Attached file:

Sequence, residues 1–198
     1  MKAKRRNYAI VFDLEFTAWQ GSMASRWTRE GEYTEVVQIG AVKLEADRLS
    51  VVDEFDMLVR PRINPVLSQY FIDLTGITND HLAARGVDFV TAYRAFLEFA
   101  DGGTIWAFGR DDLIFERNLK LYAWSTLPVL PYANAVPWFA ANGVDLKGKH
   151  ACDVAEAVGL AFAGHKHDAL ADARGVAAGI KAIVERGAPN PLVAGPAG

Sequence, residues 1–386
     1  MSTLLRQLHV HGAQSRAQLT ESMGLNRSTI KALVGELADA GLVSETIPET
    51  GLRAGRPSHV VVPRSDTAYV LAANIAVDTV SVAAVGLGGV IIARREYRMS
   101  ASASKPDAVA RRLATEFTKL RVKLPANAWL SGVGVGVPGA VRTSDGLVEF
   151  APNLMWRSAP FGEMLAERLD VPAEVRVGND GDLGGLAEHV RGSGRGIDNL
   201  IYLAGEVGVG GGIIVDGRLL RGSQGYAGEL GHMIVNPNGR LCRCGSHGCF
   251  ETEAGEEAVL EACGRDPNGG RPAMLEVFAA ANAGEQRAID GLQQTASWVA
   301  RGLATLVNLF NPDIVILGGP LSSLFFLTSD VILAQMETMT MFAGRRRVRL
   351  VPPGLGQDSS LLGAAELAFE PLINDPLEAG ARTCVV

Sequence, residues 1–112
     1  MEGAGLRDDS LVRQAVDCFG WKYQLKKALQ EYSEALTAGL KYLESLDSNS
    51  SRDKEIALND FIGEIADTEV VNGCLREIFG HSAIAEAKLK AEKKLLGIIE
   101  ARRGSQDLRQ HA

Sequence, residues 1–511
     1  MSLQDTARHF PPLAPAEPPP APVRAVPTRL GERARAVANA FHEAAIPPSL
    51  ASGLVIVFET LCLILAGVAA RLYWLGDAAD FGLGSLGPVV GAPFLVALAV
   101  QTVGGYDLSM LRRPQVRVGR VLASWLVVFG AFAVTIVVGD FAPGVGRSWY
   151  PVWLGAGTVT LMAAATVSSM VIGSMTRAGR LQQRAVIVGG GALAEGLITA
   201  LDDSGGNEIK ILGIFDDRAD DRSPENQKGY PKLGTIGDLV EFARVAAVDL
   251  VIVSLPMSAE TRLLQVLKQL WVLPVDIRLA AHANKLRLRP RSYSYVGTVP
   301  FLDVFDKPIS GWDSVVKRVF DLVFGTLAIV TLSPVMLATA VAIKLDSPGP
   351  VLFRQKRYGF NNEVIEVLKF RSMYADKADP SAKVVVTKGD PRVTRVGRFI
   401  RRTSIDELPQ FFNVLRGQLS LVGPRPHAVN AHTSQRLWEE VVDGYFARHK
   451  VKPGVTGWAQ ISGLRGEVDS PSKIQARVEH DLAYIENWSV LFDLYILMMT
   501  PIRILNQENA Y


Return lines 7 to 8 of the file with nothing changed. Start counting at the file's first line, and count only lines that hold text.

     1  MSTLLRQLHV HGAQSRAQLT ESMGLNRSTI KALVGELADA GLVSETIPET
    51  GLRAGRPSHV VVPRSDTAYV LAANIAVDTV SVAAVGLGGV IIARREYRMS